Chicago’s emcee Apoc and Rel on beats have collaborated in the past, but make it official in their debut album, “The Night of Day.” With their interest in 40s and 50s film noir that glamorizes the era and crime scene movies, the duo attempt to conceptualize their idea through their music while incorporating featured artists such as Psalm One, Moodswangz, Elfamail, Brendan B, and Racecar.
The Ritz’s “The Night of Day” was, at most, an ambitious attempt to think “outside the box” with the group’s inspiration of 40s and 50s Hollywood style crime dramas that emphasized moral ambiguity and sexuality. However, the only influences that seemed to be present from this era were the overused sampled movie clips in each track. In many of the tracks in “The Night of Day,” a huge amount of time was wasted and devoted to extensive clips from movies that didn’t make much sense at all. Featured in the beginning and ends of most of the tracks, it was exhausting at times to hear the overworked incorporation of the clips as it almost seemed as though space was trying to be haphazardly filled. The unnecessary instrumental tracks of “She Lived By Night ” and “Good Times, Girls” consists of slow, uninteresting beats that feature even more redundant movie clips from start to finish. To give you an example of the extent to which The Ritz excessively uses the movie clips, the album’s title track exemplifies this perfectly. With its high pitched harp like sounds throughout “The Night of Day,” a surprising last whole minute is devoted to back to back movie clips. Call me crazy, but I’d rather hear some solid rhymes and beats during the last minute of a track to conclude the song in order to make it memorable.
The album, “The Night of Day,” also fails in other areas while trying to achieve avant-garde status. There are few things that are innovative in an album when it reverts back to the mundane subject matter of drinking, partying, and girls. It’s not your average “bitches n’ hos” album, but it focuses a great deal on accentuating the flaws of women. Wits its strings, trumpets, and flutes in “Heartless,” Apoc endlessly describes an uncaring and ruthless woman as “Too Late for Tears” shows how a woman’s attempt for forgiveness comes too late. “Chiaroscuro” focuses on a Apoc posing as a hitchhiker who is picked up by a mysterious, but drunk woman. Clearly, many of the woman depicted and described in “The Night of Day” have many flaws, perhaps a way for some lingering scorn that is yearning to be released. Furthermore, the redundant theme of partying, drinking, and drugs permeates throughout the album in tracks such as “Langston Bukowski” and “Waiting for the Sun to Set” as Apoc describes how he counts down the hours until it is nighttime so he can party some more.
Unfortunately, subject matter is not the only problem in “The Night of Day.” The situation is this: emcee Apoc’s lyricism lacks strength and fluidity. His lack of clean and concise rhymes had me lost on many occasions as his attempts of rhyming in double time got me even more confused. A majority of the time, I didn’t understand his rhymes and therefore, was completely flustered in trying to dissect his lyrics. Also, for some odd reason, Apoc decides that it is interesting to change the sound of his voice in various tracks such as in “Waiting for the Sun to Set” where he attempts to deepen his voice, but instead. sounds more like he is congested. His constant accentuation of words and sounds is distracting as his lyrics are typical and ordinary.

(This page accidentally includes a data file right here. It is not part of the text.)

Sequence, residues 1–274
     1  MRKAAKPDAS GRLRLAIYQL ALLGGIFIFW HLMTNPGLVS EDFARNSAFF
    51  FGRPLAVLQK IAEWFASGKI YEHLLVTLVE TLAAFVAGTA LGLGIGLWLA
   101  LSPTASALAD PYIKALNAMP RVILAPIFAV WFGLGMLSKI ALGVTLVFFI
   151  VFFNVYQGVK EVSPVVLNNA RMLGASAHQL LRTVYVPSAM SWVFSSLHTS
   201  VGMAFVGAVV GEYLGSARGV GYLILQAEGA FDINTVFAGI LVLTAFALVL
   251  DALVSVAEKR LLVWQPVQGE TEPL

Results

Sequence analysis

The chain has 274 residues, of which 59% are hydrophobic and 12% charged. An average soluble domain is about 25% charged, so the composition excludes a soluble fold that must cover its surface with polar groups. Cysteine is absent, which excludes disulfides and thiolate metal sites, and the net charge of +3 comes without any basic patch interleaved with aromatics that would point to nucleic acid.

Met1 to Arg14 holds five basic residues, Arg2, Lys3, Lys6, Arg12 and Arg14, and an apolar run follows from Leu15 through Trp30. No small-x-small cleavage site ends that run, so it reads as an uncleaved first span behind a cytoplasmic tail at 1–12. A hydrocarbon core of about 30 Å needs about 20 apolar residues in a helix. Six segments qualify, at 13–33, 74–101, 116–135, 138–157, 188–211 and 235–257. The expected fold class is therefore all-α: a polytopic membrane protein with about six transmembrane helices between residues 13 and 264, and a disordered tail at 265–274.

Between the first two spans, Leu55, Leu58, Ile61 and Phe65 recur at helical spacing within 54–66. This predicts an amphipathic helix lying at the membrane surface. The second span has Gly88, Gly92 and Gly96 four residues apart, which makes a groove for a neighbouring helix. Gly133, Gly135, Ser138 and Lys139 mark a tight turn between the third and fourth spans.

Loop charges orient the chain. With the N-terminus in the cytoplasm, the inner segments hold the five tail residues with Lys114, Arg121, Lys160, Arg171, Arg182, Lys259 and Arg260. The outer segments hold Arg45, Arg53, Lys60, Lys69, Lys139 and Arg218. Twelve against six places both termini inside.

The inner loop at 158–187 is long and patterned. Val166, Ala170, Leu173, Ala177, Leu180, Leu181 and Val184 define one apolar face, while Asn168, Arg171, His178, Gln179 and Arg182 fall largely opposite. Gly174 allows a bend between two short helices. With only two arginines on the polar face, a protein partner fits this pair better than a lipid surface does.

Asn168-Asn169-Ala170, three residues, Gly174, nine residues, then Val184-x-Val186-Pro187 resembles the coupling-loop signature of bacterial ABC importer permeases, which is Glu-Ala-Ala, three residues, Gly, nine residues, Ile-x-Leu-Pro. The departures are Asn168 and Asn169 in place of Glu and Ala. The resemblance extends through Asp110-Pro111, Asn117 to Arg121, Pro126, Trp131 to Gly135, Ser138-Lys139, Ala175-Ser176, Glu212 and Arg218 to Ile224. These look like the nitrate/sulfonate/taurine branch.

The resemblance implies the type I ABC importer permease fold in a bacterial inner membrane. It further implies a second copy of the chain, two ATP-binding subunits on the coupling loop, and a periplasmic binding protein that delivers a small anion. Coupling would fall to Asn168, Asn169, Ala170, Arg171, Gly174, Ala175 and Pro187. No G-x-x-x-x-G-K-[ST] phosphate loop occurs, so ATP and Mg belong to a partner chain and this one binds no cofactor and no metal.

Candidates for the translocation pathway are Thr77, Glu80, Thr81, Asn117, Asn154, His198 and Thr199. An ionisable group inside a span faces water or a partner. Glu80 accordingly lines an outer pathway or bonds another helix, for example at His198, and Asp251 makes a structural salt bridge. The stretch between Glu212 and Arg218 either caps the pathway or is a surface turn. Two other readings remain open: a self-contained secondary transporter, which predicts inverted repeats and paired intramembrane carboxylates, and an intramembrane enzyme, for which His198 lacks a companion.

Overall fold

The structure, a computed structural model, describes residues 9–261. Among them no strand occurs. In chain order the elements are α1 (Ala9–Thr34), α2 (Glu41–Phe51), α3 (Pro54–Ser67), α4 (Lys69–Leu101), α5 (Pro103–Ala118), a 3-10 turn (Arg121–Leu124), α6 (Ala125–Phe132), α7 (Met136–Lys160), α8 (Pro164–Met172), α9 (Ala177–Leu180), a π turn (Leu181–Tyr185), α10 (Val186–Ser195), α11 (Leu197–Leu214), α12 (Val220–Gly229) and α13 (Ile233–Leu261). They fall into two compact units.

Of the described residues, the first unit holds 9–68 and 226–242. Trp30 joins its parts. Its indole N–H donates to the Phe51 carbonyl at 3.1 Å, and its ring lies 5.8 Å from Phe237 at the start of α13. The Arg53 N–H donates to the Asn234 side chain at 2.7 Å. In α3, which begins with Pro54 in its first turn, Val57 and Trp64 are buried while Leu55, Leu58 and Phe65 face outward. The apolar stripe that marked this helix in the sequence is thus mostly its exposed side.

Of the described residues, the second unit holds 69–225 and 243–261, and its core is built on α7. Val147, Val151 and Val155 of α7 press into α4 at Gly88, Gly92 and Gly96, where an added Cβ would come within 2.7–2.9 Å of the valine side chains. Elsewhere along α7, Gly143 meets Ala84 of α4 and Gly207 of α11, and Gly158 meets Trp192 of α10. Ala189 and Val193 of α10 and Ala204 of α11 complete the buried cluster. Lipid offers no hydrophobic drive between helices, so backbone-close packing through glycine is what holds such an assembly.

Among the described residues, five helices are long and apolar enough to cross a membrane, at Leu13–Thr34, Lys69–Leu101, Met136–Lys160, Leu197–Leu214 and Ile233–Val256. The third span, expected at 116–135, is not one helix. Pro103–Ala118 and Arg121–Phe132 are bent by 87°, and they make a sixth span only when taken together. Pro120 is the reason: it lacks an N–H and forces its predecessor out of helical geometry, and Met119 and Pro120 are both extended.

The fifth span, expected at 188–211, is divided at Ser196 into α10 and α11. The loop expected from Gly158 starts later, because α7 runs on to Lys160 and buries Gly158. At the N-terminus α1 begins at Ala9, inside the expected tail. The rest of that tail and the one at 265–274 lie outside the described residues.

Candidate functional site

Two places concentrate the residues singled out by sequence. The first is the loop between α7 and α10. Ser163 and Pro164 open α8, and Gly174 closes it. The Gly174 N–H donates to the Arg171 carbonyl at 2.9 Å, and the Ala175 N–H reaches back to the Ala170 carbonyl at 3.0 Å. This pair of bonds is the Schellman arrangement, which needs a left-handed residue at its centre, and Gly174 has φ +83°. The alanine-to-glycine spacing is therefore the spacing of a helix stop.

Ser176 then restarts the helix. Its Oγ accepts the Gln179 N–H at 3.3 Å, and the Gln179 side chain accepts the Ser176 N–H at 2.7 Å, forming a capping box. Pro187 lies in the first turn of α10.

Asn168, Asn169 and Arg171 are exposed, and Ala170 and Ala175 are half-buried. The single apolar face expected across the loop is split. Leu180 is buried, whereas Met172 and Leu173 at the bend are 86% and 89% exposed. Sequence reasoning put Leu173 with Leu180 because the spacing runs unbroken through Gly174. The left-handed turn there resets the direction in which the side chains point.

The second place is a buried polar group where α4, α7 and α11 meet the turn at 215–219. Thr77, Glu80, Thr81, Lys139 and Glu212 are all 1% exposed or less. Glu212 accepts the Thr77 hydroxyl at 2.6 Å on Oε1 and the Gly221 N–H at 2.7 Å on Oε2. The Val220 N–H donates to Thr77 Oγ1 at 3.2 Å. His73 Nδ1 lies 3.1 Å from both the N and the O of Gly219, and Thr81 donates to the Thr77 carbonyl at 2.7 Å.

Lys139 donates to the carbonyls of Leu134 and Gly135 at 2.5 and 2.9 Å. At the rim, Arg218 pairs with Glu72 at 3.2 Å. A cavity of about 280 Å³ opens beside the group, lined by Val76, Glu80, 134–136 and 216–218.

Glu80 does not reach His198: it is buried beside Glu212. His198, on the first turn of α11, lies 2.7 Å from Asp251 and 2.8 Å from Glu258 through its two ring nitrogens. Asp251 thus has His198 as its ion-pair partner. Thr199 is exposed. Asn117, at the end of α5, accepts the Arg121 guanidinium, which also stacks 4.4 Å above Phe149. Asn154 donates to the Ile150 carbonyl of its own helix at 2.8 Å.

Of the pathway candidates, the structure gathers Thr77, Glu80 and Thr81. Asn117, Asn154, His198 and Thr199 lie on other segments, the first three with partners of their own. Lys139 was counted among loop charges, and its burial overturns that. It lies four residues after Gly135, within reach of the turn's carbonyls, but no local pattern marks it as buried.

On the other hand, the album does delivers some creativity and worthwhile listening on a few occasions. With The Ritz’s idea of incorporating themes from 40s and 50s era crime scene flicks, Apoc takes an interesting turn with his lyricism in track “The Night of Day.” As if he were filming a movie, Apoc rhymes about a supposed filmed movie and its various scenes. Imaginatively, Apoc incorporates different camera shots in his lyrics to show how the movie is being filmed as he says:
“CUT TO CLOSE UP:
Flames flicker in the man’s eyes
As he pulls away a metal white and tan pipe
Squints eyes as he skims the scant light
A tramp’s flight, timely
Finally finding what his eyes see
Headlight slightly blinding
Our soaked subject saunters into vision”
Although I have heard many abstract albums that try to carry out the components of a movie, The Ritz’s “The Night of Day” lacked in what I have seen in others. I can see where Apoc and Rel were going with this album, but it was not executed correctly. The cohesiveness from one track to the next was not present as a listener, like myself, could easily get lost in the chaos. The Ritz definitely has a vision in mind that could potentially be grand and with the right lyricism, beats, and sound, could clearly be on to something great.